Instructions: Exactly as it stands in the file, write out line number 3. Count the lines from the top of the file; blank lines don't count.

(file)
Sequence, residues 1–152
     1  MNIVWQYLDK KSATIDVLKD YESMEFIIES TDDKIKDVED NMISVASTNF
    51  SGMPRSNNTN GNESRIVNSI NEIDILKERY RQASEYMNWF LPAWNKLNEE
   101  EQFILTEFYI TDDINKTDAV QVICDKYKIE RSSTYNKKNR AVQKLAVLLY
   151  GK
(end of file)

    51  SGMPRSNNTN GNESRIVNSI NEIDILKERY RQASEYMNWF LPAWNKLNEE